The property owner has beautifully restored this classic grand Durand house while paying respect to the original house, architect/builder and style. The slate roof has been redone, the original windows were appropriately restored, and preservation of the original iron clad sconces  the well-designed landscaped grounds and the  setting high on the hill adds to the grandeur of the magnificent example of Georgian architecture.

Added to Register of Property of Cultural Heritage Value or Interest 2017

This fine 2 ½ story brick home was constructed circa 1880 for local merchant and druggist Andrew Rutherford.

Today it is home to Lintack Architects and Webb Planning Consultants.

Added to Register of Property of Cultural Heritage Value or Interest in 2017.

Front view of 244 James Street South, Hamilton, Ontario

Carpenter House is a Queen Anne Revival home built in 1888 for Thomas Carpenter, son of original Crown Holder Gersholm Carpenter. Thomas Carpenter convinced the Hamilton Grimsby and Beamsville Radial Railway to build a siding adjacent to his property, this allowed Thomas to construct a depot for shipping local farmers fruit and produce.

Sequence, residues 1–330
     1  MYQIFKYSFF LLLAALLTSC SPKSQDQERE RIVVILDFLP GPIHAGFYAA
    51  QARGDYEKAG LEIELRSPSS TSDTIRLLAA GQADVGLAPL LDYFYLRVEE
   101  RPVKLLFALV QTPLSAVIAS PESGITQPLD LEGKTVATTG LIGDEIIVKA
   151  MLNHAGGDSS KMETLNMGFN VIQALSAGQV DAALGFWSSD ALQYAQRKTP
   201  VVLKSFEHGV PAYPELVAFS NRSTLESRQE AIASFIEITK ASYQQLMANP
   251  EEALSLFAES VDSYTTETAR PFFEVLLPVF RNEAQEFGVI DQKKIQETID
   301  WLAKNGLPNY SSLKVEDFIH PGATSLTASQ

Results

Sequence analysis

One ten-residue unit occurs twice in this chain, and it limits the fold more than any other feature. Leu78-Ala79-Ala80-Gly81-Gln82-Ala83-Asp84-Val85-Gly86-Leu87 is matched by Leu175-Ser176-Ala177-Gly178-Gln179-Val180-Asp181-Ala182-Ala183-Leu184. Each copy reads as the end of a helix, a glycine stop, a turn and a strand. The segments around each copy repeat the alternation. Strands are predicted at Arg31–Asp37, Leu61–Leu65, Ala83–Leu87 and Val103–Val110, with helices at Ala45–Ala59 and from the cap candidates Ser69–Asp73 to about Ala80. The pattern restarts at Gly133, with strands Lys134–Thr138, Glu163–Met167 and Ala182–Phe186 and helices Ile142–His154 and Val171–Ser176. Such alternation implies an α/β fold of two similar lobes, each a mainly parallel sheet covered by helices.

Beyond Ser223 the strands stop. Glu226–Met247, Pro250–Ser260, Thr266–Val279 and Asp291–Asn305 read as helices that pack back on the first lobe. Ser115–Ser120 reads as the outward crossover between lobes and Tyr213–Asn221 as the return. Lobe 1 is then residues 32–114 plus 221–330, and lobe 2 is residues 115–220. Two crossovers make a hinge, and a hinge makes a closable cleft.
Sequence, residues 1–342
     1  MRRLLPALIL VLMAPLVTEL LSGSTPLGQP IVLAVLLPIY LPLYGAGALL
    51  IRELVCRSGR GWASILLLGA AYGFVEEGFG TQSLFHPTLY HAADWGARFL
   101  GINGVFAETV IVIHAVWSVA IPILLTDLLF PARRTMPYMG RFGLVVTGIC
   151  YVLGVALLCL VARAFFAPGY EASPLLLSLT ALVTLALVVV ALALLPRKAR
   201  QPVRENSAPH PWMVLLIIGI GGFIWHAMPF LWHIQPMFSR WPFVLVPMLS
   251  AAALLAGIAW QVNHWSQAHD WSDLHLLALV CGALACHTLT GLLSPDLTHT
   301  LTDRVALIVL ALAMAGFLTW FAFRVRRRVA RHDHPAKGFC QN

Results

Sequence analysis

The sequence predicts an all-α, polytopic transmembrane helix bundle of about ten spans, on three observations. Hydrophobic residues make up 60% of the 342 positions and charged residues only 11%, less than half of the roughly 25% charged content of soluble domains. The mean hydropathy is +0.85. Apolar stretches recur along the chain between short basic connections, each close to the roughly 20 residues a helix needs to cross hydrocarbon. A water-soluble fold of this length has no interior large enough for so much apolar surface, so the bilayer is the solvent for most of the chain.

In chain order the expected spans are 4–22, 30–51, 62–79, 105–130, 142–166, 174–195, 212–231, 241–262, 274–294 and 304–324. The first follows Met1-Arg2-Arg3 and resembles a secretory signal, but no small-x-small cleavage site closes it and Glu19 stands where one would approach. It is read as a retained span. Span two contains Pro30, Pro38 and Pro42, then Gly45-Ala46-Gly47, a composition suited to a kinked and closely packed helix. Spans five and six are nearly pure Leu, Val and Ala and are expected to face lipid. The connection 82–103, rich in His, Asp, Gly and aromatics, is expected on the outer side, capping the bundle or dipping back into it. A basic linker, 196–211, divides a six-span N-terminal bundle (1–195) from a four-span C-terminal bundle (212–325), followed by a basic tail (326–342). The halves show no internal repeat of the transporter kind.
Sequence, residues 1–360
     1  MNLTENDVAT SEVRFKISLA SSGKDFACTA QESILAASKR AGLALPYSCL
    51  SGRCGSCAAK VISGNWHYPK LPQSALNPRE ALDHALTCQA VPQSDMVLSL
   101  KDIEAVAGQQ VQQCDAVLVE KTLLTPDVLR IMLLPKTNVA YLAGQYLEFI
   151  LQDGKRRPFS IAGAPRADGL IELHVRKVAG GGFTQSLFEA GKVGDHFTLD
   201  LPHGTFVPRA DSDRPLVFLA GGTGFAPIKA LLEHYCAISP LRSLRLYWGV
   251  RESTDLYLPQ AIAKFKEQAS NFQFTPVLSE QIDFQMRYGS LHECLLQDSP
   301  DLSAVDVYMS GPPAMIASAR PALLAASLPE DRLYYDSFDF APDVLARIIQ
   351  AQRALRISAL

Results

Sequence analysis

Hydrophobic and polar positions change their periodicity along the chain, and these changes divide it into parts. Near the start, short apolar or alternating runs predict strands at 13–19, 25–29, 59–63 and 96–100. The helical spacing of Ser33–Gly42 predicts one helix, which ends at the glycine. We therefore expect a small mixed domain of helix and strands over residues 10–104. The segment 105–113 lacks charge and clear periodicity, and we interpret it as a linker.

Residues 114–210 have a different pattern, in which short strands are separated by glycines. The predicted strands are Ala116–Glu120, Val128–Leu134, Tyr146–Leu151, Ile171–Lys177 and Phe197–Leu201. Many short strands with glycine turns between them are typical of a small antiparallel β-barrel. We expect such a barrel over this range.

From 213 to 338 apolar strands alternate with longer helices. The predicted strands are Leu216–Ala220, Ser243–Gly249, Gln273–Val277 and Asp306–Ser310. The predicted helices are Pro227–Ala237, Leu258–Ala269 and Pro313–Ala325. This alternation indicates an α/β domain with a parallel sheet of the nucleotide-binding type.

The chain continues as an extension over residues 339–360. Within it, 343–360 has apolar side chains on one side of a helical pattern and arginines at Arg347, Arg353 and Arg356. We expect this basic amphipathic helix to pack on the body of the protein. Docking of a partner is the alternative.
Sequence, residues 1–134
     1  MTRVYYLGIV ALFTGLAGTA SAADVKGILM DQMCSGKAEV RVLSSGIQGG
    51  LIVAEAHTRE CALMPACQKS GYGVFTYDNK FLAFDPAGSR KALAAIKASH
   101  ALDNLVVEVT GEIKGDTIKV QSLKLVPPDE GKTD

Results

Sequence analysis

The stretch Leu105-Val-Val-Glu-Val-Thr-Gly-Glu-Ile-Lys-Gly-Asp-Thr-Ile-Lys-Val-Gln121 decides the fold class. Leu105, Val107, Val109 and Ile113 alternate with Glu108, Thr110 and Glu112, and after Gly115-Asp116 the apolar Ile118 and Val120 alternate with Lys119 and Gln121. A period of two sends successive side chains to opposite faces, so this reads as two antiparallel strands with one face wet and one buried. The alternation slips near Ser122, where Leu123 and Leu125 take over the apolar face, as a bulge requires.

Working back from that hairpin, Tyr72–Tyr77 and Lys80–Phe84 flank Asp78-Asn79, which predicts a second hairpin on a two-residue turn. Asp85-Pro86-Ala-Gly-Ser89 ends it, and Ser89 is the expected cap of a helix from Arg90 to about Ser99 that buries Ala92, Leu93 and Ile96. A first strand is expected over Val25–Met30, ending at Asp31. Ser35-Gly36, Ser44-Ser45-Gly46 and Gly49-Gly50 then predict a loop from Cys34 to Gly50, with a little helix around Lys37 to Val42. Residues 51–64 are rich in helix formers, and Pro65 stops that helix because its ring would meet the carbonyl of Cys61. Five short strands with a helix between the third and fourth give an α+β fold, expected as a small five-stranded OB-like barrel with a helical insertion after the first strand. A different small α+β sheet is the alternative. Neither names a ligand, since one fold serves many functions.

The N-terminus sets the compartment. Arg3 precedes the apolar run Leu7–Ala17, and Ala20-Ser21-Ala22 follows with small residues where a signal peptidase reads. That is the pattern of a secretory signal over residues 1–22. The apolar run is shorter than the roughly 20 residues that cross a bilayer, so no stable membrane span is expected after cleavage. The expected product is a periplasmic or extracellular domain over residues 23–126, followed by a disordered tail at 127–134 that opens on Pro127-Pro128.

The home was designated by the City of Hamilton in 2008. The residence continues to serve as a visual reminder of the area once known as the garden of Canada.

This beautifully maintained residence retains original features such as verandahs, railings, some windows, slate roof, gingerbread trims and copper downspouts. Any work done has reused as much original material as possible.

Front side view of 1059 Highway 8, Ontario

Designated in January 2008 by the City of Hamilton

The original wooden  church dating back to 1820, was destroyed by fire and rebuilt in 1869.  It was designated by the City of Stoney Creek in 1993. Fifty United Church recently celebrated 150 years of Service, all the while making continuous respectful enhancements, including a Wurlitzer Organ in 1949, a steeple in 1967 as part of the Centennial Project and more recently a 2016 renovation to make the church totally accessible, all while preserving the 1869 structure.

Designated in 1993 by the City of Stoney Creek

Front view of 1455 Highway 8, Winona

Built in 1911 for American businessman, Harry Louis Frost, President of Frost Wire Fencing, 1 Markland is in the Durand Markland Conservation District. 

It was designed by Gordon J Hutton and is Classical in design. It is 2 ½ storey buff brick, a hip clad roof triangular pedimented dormer, tall end chimneys and a front porch with stunning Corinthian columns.

It was the Frost Residence until sold in 1929. Later the property was the Imperial Life Assurance Company until 1939, Official U.S. Consulate from 1943-1964, Canada Life Assurance Company and today is currently home to the Rob Golfi Team REMAX. 

Front view of 1 Markland Avenue, Hamilton, Ontario